Monday, December 28, 2009


Monday Morning. Although when I am off of my work schedule the days kind of run together a bit! But after a somewhat hectic (although delightful) month of travel and teaching, it has been glorious to have some down time to rest, recover and relax a bit. Kelly and I have made some good meals, gotten a lot done around the house and spent time with friends.

Yesterday we went on a walk on the greenbelt, ate some lunch and I met Gioconda for a practice before she taught. We did some lovely back bend work- nothing major but good deep opening with the four pillars of back bending (according to BKS Iyengar) accomplished- urdhva danurasana, dwi pada viparita dandasana, kapotasana, mandalasana- all very fun. I think I will have to do a back bending series sometime with those poses as our aim. That would be fun. When is kind of the question....

After that Kelly and I met up with Sam who will be house sitting for us while we are gone and doing some work for me this year. (Yes, finally, an assistant! Oh. My. God.) After that we made a lovely pasta dinner. After dinner I made a flourless chocolate cake, Gioconda came over for a visit and we watched some Star Trek episodes. A very mellow day off.

So today I will do some asana and then pack up to head out to Georgia to visit mom and dad for a few days. I am very excited to be spending New Years Eve and New Year's Day with the lovely folks from City Yoga in Columbia, South Carolina. I think that is one of the funnest things about what I do- getting to meet so many amazing people in so many places and participate in their communities. It is really a very fun thing.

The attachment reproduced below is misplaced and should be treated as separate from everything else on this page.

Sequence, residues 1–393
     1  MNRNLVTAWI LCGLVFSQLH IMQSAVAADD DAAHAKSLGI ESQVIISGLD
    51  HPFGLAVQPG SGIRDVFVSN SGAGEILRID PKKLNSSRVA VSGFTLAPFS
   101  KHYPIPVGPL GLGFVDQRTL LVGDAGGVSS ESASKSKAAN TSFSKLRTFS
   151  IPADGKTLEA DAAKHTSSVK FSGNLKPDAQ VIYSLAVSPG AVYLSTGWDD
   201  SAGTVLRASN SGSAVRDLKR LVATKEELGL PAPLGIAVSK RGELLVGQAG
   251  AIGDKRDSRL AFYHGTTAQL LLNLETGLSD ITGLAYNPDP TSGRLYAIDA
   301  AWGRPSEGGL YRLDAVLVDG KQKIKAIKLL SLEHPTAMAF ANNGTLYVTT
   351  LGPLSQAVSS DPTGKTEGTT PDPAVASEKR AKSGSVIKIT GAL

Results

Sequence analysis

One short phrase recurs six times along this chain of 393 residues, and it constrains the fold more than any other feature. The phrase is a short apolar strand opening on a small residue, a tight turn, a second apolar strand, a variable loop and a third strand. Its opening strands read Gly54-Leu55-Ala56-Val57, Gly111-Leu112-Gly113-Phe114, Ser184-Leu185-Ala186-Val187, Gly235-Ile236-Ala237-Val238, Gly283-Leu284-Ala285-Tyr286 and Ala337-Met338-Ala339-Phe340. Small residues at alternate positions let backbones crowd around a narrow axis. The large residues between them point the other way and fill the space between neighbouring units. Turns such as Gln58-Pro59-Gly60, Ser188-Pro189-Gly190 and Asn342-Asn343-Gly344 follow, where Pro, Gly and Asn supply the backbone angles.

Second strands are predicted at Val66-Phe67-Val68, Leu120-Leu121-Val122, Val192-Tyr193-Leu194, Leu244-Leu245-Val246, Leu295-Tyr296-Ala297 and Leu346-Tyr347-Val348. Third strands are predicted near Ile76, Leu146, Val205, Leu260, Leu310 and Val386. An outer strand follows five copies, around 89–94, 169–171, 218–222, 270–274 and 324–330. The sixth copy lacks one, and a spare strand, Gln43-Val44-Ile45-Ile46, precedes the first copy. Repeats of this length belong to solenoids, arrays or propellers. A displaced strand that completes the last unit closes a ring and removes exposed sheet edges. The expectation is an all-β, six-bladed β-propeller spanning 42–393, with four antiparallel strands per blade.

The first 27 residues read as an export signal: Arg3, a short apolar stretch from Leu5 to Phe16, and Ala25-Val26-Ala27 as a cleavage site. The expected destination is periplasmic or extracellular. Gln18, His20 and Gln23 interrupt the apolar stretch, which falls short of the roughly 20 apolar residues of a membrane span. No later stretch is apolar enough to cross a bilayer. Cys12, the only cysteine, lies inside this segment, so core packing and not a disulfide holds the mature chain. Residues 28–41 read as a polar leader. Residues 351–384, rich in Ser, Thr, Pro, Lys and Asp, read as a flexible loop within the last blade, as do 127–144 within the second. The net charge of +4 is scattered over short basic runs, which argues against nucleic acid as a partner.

So- that is kind of a brief check in for the day. I have been thinking a lot about teaching these days but more from the business side of it than from any inspiring pedagogical inquiry. I have had several conversations lately with yoga teachers about the difficulties of making a living as a yoga teacher and I have some interesting discussions with yoga studio owners about the difficulties of owning a studio and making a living. So it seems that while this is amazing work to do in the world, it is not easy work. There is the challenge of the work itself -- of teaching people to wake up and be conscious in a world that assists us in slumber at every twist and turn. There is the very real issue of yoga studios popping up on every corner and creating competition and so on. There is the cost of training to become and remain a good teacher. There is a tremendous amount of "free time" one must have and devote to personal practice to be and remain a good teacher. There are just so many costs in the business. And when we tie this thing we love into our livelihood the pressures multiply and the distractions mount and the temptation to turn this art into customer service over and above good teaching tends to win.